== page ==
Sunday, 3 June 2007

An Australian Experience-state politics in Victoria

There is an incredible situation recurring in contemporary Australian politics. A federal government under one political party might be surrounded by state governments under the opposition party. Before the election defeat suffered by the Keating government in 1996, Liberal governments mushroomed in states. Conversely, the current Howard government of Liberal Party in Canberra is virtually encircled by Labour governments in all states, especially sandwiched by opposing states of Victoria and NSW. At a 2006 Council of Australian Governments (COAG) meeting, Howard was tightly surrounded by eight state and territory Labour leaders. It sounded quite possible that when they re-emerged from the meeting to face the press, a coup might be announced for a change of federal government.
The major means for the federal government to govern even if all states are run by the opposition is of course tax redistribution and transfer, which provide funding to major projects in states. For the 2004-2005 financial year, the federal government collected taxes of AUD$220 billion, while the states and territories could only manage a mere $41.6 billion. As expected, the states would rather beg the federal government for funding, despite ideological differences.
In the great state of Victoria, Labour has a long tradition of organising labour force and winning governments. A good example is state Labour Premier John Cain. I had wondered in early years why on earth there was a public park in northern Melbourne, Thornbury, as a memorial park for John Cain, a middle-aged Premier in the mid-1980s. I then learned that the honour belongs to John Cain senior, as they both won the prize to serve as Premiers. The Cain junior is not a figure to be easily forgotten, partly due to his slim stature and his deeply wrinkled face, the latter being taken jokingly among my friends as signs of what a hard life he must have been through. Much to the relief of a second language speaker, his English is clear, brief, and easy to follow. He projected an image of modesty and an unassuming person. His Ivanhoe residence in a side street does not look grand or posh at all, at least by outside appearance.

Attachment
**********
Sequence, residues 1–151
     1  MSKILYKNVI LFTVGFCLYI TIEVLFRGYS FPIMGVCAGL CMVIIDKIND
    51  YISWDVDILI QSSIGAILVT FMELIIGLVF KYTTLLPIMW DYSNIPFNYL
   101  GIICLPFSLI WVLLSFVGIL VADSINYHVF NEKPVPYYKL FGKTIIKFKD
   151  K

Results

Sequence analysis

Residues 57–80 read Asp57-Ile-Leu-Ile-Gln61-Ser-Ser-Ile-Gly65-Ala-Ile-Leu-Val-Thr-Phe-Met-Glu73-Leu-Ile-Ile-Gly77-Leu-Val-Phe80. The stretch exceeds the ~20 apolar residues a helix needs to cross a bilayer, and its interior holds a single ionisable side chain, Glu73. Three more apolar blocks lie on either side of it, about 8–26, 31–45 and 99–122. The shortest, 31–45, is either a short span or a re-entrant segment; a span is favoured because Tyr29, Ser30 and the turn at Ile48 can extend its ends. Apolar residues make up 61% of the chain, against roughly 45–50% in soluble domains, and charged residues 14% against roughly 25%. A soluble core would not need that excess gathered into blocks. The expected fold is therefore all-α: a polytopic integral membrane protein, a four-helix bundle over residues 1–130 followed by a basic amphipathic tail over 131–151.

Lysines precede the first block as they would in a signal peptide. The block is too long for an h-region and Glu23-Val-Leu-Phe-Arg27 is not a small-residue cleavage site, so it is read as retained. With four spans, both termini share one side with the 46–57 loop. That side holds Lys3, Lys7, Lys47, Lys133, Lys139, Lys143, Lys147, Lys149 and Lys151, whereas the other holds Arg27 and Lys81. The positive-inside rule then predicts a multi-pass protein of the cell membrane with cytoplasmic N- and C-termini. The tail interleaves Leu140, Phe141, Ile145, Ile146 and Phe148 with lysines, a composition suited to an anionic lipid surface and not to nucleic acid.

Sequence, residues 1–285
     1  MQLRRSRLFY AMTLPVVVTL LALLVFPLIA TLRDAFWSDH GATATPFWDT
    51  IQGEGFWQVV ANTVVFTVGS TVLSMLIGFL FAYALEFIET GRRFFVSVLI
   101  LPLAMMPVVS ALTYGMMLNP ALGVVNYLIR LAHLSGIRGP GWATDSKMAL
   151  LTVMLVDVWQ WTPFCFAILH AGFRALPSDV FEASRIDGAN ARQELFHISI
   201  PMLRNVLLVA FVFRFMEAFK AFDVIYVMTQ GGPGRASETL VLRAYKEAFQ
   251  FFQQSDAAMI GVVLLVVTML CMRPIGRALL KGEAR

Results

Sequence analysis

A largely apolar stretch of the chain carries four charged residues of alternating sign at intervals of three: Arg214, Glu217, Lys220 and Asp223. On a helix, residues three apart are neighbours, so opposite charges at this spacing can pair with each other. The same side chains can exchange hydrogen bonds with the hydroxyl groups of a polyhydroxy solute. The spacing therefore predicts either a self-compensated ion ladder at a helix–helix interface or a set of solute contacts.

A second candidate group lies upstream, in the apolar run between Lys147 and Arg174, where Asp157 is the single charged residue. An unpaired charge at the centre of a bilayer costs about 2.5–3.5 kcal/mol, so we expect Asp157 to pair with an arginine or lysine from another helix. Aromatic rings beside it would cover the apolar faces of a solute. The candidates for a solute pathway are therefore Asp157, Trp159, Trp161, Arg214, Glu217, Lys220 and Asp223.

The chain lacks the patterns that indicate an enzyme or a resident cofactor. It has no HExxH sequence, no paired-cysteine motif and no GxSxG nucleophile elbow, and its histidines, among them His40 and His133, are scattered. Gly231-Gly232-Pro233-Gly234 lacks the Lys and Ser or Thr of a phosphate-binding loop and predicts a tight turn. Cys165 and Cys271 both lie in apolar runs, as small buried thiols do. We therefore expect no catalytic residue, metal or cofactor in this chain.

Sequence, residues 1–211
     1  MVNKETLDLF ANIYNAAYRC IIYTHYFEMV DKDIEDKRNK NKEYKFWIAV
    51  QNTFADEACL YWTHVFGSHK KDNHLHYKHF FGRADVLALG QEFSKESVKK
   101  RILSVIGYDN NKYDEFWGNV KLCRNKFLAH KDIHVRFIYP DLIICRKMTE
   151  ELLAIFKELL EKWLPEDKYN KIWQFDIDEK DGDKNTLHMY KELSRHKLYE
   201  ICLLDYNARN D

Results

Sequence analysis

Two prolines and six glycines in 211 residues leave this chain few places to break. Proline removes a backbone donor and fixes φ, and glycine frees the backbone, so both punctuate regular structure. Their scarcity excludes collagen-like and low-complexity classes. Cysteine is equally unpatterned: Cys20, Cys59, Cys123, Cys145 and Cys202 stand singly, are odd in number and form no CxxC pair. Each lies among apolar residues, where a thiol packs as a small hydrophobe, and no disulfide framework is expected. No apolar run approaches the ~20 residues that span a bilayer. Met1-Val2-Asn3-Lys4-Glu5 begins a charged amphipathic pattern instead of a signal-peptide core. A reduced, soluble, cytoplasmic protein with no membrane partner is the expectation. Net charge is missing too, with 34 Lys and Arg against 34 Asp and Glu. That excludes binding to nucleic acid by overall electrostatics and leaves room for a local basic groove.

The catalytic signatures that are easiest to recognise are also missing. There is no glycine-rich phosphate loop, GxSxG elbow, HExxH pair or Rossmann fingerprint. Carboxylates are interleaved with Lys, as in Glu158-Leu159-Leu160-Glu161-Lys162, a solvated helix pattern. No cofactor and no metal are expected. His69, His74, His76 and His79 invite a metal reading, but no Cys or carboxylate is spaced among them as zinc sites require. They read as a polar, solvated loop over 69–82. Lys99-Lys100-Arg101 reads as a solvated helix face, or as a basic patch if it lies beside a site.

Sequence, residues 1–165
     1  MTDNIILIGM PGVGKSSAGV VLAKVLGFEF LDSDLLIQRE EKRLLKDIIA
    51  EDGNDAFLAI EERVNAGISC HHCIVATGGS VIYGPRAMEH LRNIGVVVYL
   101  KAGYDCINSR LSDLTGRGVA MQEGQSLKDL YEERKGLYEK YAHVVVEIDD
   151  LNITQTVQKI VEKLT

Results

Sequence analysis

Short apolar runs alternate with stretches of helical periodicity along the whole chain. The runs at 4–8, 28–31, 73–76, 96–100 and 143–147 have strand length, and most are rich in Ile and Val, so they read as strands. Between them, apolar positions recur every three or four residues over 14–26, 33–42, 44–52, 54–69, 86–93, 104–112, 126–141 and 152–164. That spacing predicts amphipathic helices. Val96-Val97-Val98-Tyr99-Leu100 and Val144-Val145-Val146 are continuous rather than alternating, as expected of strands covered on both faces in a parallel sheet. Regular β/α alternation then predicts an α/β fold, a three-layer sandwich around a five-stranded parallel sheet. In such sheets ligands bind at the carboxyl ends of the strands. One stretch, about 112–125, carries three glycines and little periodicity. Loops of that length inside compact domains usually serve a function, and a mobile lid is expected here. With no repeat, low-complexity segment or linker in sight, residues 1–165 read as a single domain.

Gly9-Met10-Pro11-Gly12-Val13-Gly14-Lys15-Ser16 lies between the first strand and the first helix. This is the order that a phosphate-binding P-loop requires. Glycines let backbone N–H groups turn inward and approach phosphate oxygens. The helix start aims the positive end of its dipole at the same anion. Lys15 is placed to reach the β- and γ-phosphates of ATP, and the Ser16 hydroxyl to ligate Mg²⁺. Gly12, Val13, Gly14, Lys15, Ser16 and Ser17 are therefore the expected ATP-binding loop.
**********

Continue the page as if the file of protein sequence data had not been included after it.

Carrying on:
The successor to John Cain was Ms. Joan Kirner, a teacher by training and the first female Premier in state history. There were a lot of laughter of her appearance and styles in crazy TV comedies such as "Full Frontal". Her public image was overshadowed somewhat by an excellent actress Magda Szubanski who performed impersonation of Kirner in comedy shows. A serious political leader with that kind of unflattering image also bore full brunt of messy economic handling by previous Labour leaders, thus was reduced to a regular subject of ridicules. Kirners last ditch management of the economy and state finances failed to fill the big holes in state budgets. This miserable failure led to a change of government and the rising of the following political figure, her arch rival and more entertaining, in a sense, Jeff Kennett.
Jeff Kennett won for the Liberals in 1992, after a decade of Labour rule. That was a landslide loss for Labour, for their blunders, scandals, and mismanagement. With clear majorities in both Houses, Kennett could do whatever he desired. This handy convenience fit extremely well with his ego and grand pet plans. The reforms under Kennett were wide ranging, drastic, and in some cases, savage. The main purpose was to hurt those sacred cows of previous Labour governments. There were massive layoffs, and Kennett found ways to beat unions, let loose of employers rights to fire employees at will. Since teachers unions were considerably powerful, the Kennett government simply closed down many public schools and sacked teachers in large numbers. Empty grounds and buildings in those closed schools eerily resembled movie scenes of a ghost town. This devastation was so horrendous that even Liberal frontbenchers a decade later admitted the wrongdoings and ensuing damages, partly for rebuilding their credentials in education after loosing government offices.